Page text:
Say you have a nice dinner: mashed potatoes, carrots, green salad, and roast chicken. The chicken is juicy, with that crusty, seasoned skin that is delicious. There’s even a light gravy. You have a drumstick, a thick slice of breast meat, and maybe a wing.
Of course you aren’t the only person who ate chicken tonight. Thousands of other people devoured the birds for their dinners, too. Even as you read this, the number of people eating chicken in the United States numbers in the millions. According to something called the National Chicken Council: at least 30.71 billion pounds of chicken product were purchased by Americans in 2011. Americans purchased 84.1 pounds of chicken per capita in 2011. That’s almost a quarter pound of chicken per person per day.
Purdue University says Americans consume 8 billion chickens a year. At a United States population of 313.9 million, every single one of us consumes more than 25 chickens per year.
In order to check up on the waste end of chicken production, we visited Titus County, Texas, the home of Pilgrim’s Corp, formerly Pilgrim’s Pride. Pilgrim’s is the largest chicken producer in the United States, and second largest in Mexico. In 2007, Titus County and the surrounding area produced 23.5 million chickens. Titus County itself has more 9,000 chickens per square mile.
Titus County is also home to several Pilgrim’s Corp meat processing plants. These plants, like the 184 other chicken slaughtering and evisceration plants in the US, have their downsides. Neighbors often complain about the odor, which Margaret and I can confirm is prodigious.
As with almost every aspect of our food production system, delivering such a massive amount of chicken on demand to kitchens all over the US generates quite a bit of waste. Big Chicken, the Pew Environment Group’s report on the poultry industry, calculated that 1000 chickens produce 81 cubic feet of waste (called ‘poultry litter‘) per year. Given the number of chickens we are talking about, that’s a hell of a lot of poop.
But hey, this land is your land, from sea to shining sea, and it’s really big, right? The trend in chicken farming over the last few decades, as demonstrated by Titus County, has been towards consolidation and concentration. Most chickens you buy at the grocery store are produced in what are called CAFOs (concentrated animal feeding operations). According to the EPA, a CAFO confines animals for more than 45 days out of the year, has no grass or grazing, and has more than 37,000 animals when it comes to chickens. Lots of chickens in a small area means you are going to have to spread the litter thick or ship it out.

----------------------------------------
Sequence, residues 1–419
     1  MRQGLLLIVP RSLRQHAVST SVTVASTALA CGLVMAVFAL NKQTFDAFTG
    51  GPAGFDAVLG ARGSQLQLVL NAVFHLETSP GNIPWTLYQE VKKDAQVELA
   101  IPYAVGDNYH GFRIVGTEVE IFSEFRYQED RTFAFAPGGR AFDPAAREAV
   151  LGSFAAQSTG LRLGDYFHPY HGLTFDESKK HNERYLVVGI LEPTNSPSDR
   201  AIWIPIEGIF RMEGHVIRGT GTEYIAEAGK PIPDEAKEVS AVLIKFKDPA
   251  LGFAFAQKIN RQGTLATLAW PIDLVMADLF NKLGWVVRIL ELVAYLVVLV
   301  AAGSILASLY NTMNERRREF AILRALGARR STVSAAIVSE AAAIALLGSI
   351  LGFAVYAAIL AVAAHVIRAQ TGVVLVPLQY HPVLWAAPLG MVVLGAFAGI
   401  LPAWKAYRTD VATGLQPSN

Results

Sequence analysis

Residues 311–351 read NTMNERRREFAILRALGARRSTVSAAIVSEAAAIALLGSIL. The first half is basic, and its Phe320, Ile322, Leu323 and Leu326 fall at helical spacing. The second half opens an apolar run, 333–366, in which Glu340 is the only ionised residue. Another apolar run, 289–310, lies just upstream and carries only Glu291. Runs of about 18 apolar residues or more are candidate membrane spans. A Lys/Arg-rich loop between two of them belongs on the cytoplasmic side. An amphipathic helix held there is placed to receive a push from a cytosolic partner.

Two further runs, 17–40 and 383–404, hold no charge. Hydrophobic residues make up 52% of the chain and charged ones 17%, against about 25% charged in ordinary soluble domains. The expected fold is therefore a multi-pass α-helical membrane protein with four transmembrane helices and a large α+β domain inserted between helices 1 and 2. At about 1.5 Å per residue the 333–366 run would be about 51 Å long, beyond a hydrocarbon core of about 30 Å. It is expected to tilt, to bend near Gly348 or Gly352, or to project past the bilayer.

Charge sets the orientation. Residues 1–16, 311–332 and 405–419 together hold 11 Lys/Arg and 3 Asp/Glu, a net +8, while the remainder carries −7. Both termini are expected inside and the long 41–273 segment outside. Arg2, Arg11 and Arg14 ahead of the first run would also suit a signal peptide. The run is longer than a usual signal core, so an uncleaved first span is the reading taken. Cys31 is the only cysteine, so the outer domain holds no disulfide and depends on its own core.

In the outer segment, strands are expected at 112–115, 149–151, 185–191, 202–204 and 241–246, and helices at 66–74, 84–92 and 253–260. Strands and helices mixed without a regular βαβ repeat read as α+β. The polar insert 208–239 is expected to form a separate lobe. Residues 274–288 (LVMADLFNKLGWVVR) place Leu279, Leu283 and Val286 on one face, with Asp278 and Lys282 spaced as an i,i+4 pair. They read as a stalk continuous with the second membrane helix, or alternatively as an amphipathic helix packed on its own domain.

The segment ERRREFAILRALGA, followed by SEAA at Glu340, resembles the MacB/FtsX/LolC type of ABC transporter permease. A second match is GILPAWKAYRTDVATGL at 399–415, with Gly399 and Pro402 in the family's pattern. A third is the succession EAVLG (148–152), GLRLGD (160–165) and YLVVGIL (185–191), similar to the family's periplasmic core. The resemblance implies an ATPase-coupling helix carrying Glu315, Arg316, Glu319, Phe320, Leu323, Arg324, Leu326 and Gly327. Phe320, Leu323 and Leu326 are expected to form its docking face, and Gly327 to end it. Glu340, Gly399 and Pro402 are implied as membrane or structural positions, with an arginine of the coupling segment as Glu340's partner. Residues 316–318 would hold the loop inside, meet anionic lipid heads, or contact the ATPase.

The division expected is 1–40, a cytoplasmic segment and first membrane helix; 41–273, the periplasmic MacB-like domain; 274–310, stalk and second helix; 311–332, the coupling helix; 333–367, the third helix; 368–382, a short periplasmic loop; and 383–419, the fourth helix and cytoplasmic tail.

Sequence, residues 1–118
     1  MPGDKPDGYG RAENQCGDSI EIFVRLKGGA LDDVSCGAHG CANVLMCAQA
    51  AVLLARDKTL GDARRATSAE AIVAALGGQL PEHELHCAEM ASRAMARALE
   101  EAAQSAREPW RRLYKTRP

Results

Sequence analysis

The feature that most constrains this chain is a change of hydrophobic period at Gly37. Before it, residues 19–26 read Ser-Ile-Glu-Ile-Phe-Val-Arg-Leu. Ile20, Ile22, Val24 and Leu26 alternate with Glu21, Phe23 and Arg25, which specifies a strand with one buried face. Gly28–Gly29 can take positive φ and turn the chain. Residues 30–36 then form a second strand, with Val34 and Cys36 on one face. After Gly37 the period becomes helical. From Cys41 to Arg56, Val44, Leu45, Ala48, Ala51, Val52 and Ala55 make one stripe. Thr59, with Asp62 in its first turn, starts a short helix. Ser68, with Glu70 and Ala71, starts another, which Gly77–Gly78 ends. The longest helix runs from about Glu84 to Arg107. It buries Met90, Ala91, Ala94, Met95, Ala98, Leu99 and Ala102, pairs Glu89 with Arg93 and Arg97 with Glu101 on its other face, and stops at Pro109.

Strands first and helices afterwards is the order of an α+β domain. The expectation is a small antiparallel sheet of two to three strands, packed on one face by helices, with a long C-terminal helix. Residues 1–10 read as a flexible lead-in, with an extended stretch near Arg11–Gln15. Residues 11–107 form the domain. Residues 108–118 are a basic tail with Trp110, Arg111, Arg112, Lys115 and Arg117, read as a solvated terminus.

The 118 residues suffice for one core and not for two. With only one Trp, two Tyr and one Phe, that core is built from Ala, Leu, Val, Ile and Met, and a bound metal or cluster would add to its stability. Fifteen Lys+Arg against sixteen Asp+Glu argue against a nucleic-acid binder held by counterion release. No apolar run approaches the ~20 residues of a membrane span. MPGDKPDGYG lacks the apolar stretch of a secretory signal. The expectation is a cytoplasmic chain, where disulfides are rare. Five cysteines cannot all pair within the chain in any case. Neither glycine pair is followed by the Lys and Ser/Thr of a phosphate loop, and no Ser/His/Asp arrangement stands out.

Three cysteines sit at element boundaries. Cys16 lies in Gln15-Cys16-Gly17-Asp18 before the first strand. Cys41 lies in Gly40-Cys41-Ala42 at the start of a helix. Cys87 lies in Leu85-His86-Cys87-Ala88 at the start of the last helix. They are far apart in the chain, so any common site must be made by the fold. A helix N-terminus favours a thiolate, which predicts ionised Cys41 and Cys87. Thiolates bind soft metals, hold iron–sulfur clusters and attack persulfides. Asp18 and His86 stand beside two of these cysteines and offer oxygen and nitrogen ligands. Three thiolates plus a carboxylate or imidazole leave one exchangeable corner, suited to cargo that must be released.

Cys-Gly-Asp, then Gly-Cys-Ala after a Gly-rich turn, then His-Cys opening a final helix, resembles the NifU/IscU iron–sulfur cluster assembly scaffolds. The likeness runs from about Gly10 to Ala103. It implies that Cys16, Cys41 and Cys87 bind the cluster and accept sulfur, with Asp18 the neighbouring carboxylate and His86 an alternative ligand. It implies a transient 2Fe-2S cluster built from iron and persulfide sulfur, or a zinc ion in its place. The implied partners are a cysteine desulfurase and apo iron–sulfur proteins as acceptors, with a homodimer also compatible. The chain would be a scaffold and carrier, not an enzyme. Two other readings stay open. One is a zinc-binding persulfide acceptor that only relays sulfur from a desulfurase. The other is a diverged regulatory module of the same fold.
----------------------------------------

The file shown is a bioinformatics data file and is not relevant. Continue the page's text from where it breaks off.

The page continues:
The majority of the waste is spread on farm fields and crops as fertilizer. Although chicken manure can be a great fertilizer, over application produces problems. Application to croplands can cause significant groundwater problems, as well as powerful odor issues.
Some researchers claim that shipping poultry litter to places that haven’t got enough chicken shit can be more cost effective than purchasing commercial fertilizer, “given current high fertilizer prices.” My dad used to often say, Dilution is the solution to pollution. While I don’t agree with the statement, I wonder if a corollary isn’t true: Concentration is the source of pollution.
The consolidation produced by high demand for cheap products has led to a concentration of production processes and a host of difficulties. Economies of scale work magic in reducing the cost of things, but they come with an environmental curse: in this case, way more chicken shit than we know how to spread around.